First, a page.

The religious icon of the Matriarch in Christian context (i.e. Mary, Mother of Jesus, etc.) and its deployment for modeling piety is perhaps obvious, but less evident is how the symbolization of idealized womanhood in Islamic context, specifically in Sufi traditions, functions to emphasize moral rectitude amongst Sufi adherents. The vital relationship between mothering and inward human character is quite intuitive, but somehow the place of ‘Mothering’ as an active component in the culmination of charismatic Sufi leadership has been given less emphasis in anthropological studies of Islam. It is true that men are more often assumed to be the active purveyors of knowledge in the cultivation of Sufi participants in most traditions, however, I suggest that what we consider ‘spiritual mastery’ (maraboutage) hinges upon the prior work, in most cases, of mothers who provide a more foundational labor of cultivating temperance and righteousness through their modeling of upright behavior and etiquette. This paper draws upon fieldwork and interviews conducted in the Mustafawi Sufi community in Moncks Corner, South Carolina amongst Senegambian and Black American Sufi practitioners to shed light upon how motherhood is deployed as a teaching tool and shared in the United States and beyond. Through highlighting how the figure of the Matriarch pervades Islamic notions of piety via Qur’anic text and Sufi lore, I recenter mothering beyond its mundane characterization and situate it as a significant pedagogical requirement in the culmination of charismatic Sufi authority.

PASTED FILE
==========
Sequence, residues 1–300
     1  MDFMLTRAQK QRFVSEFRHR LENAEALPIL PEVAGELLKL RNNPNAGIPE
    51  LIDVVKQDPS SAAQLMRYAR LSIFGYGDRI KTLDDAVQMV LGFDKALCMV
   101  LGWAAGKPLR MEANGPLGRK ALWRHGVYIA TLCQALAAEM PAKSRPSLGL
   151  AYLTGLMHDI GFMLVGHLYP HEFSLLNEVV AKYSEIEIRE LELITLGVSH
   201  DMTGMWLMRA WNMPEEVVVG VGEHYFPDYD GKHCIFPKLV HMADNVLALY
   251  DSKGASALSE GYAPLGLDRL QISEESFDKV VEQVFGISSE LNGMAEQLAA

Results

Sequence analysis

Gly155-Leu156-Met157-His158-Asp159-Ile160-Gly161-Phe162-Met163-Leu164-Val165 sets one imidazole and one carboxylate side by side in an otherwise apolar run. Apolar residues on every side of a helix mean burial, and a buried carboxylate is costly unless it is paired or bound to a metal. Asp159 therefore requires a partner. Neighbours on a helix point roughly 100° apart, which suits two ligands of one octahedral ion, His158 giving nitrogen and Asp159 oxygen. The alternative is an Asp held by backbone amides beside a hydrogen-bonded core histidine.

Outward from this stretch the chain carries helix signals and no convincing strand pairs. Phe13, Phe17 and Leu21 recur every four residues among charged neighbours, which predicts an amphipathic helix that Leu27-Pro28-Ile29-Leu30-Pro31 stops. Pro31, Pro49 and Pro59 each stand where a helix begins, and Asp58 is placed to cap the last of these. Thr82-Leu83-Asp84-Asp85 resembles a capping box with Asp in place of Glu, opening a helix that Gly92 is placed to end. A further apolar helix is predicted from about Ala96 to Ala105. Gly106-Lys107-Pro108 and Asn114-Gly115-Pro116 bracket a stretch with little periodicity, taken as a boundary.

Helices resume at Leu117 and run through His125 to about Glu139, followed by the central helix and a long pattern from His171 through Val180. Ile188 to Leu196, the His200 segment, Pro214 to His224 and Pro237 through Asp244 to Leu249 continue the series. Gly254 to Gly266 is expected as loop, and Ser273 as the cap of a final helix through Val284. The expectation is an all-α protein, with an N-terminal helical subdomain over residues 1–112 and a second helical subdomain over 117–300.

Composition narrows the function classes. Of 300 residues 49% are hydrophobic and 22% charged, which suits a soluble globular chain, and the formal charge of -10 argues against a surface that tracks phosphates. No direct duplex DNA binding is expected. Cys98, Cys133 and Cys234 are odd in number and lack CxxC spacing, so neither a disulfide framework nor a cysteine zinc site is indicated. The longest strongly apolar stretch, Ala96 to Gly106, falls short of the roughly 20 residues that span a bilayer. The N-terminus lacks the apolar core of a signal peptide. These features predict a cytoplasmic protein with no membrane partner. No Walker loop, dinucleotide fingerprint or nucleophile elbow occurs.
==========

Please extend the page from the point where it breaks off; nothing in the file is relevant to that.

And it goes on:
Religious Cultivation, Transmission of Knowledge, Sufism, Mothering, Spiritual Pedagogy
Religious Community and Socialization
College Fellow, Anthropology, Harvard University, United States
MA, United States